Well, now that I’ve seen It (It being a high-profile film release that will make many people rich this week alone), I must confess that I’m a bit disappointed. Not outright hostile towards the film, not hating it, but decidedly underwhelmed and, if it can be believed, even more ill-disposed towards the source material than I was before. The last twenty minutes of It featured more anticlimaxes than I had seen in five years of summer blockbusters. Even the effects played out like cut scenes from a crudely rendered computer game. (Here’s a tip to the boys in the editing room: When you cut directly from an overhead shot that is clearly computer-generated to a medium angle that involves real people on real horses, it sort of hinders the illusion. Also, things like rain and night, and actual build-up, help disguise visual blunders and work to your advantage, as they did so well in the Helm’s Deep battle from the last film.)
Loved the trolls, loved Howard Shore’s score (Wagner-like, the best of the three), loved the opening Smeagl-Deagol moment (and nearly every moment with Gollum). But the problem with It is utterly clear: These characters have no flaws. They are not nasty or mischevious in any way, unless frat boy nips in the weed count as intelligent behavior. (Even Indiana Jones was sardonic enough to blow away a swordsman with a gun. Even Superman sacrificed his powers for the woman he loved. Even John McClane had to pick out shards of glass from his feet. Even Luke Skywalker confronted his father to clear up a complicated domestic situation. You see where I’m going with this?) They are people wandering around a beautiful landscape, getting involved with battles, and there is every assurance that they will come back from the wars unscathed. Despite the fact that everyone else around them has been flung about by elephant-looking things.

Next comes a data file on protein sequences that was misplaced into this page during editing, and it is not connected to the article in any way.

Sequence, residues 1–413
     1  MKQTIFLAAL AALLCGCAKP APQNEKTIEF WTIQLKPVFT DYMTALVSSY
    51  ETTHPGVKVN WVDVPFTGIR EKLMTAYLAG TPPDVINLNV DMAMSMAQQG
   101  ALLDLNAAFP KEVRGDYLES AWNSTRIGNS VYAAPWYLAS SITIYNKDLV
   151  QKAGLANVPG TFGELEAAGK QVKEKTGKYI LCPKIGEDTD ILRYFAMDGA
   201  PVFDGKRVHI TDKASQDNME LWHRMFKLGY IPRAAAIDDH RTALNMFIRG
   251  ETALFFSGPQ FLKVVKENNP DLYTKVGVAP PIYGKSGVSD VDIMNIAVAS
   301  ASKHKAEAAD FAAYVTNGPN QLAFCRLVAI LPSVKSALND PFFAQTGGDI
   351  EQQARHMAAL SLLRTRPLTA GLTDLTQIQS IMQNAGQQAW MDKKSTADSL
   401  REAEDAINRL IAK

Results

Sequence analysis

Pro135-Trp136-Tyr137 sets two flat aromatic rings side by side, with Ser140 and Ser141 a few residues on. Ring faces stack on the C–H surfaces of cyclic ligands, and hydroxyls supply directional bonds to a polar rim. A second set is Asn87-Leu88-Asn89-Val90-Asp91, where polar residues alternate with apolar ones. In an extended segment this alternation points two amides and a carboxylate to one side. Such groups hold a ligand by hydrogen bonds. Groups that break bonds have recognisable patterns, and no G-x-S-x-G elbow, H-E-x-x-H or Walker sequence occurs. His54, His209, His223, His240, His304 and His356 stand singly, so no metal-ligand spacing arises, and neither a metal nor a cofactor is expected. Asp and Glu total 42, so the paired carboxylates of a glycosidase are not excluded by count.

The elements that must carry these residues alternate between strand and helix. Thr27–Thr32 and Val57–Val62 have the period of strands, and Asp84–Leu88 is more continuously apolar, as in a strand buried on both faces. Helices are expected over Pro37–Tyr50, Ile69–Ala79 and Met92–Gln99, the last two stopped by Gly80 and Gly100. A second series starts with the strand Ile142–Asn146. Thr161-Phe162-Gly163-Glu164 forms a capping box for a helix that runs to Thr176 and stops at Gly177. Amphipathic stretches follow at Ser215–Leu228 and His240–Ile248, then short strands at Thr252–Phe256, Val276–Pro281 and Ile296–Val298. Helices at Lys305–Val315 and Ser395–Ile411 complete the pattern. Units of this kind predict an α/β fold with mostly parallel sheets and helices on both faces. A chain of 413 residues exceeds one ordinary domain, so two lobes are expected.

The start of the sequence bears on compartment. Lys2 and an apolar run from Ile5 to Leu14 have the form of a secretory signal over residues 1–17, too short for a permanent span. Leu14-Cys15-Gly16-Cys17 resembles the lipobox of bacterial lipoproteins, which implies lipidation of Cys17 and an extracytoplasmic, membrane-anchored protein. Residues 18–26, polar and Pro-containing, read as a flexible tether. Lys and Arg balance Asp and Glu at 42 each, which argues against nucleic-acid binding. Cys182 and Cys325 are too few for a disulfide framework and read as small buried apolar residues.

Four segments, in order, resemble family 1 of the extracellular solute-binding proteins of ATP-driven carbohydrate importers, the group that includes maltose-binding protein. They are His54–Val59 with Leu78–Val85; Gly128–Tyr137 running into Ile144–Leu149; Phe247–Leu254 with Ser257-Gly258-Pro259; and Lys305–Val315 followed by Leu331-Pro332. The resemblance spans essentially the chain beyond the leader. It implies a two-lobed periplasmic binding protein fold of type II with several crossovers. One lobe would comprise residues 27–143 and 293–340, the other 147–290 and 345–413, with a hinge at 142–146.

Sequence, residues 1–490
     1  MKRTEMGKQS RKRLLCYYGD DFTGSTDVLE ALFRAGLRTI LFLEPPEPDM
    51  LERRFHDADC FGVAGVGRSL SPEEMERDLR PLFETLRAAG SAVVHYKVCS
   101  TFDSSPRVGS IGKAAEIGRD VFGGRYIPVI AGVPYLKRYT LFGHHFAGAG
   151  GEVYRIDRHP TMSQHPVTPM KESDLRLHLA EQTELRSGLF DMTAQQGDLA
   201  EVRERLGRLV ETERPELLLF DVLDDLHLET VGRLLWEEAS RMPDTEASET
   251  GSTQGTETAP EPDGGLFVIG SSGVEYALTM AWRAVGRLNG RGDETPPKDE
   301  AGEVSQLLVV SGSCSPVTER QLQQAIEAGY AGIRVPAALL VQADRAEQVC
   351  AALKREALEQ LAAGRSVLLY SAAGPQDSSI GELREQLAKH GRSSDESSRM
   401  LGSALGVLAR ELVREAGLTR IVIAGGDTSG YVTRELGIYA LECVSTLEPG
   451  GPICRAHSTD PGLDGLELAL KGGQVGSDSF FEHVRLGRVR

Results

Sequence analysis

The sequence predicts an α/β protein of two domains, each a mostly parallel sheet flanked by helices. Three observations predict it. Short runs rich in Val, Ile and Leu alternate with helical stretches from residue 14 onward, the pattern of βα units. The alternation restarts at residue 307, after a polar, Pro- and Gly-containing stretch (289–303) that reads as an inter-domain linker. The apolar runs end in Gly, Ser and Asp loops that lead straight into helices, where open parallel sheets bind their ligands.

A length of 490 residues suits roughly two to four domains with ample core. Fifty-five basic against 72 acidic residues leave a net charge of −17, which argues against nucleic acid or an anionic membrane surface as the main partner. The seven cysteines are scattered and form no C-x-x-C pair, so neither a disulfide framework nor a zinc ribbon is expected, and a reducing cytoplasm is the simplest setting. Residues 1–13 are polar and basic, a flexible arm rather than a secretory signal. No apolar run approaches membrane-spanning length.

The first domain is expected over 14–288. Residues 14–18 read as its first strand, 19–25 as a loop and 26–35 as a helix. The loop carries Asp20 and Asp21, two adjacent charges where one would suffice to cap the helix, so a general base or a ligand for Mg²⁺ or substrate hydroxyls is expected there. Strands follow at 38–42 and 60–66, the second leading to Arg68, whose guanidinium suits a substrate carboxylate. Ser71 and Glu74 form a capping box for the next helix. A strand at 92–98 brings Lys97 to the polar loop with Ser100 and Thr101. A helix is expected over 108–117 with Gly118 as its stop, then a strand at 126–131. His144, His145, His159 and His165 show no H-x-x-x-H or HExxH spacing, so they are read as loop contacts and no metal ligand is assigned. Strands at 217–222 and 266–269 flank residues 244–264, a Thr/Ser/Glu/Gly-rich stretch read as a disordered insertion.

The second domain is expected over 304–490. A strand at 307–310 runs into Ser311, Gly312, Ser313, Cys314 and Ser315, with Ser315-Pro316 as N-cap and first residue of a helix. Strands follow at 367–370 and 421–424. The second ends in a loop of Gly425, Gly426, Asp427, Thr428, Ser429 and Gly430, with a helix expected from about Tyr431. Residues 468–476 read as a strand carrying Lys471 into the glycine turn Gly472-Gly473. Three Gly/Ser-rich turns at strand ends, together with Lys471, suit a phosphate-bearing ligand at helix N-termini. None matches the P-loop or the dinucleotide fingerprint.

Amused? On some basic adolescent level, yes. Will I see it again? Maybe the Extended Edition. But ultimately I’ve now come to terms with the sad reality that character no longer means a thing in an action movie. And that’s a pity.
On a somewhat related note, Tom has some thoughts on moviegoing. I must say that one of the best moviegoing experiences I ever had was seeing Rear Window at the Castro. Despite the fact that nearly everyone there had seen the movie, they remained on the edge of their seats. The oohs and aahs of Hitchcock’s suspense rippled through the crowd like magic. Years later, the film had lost none of its power to thrill.
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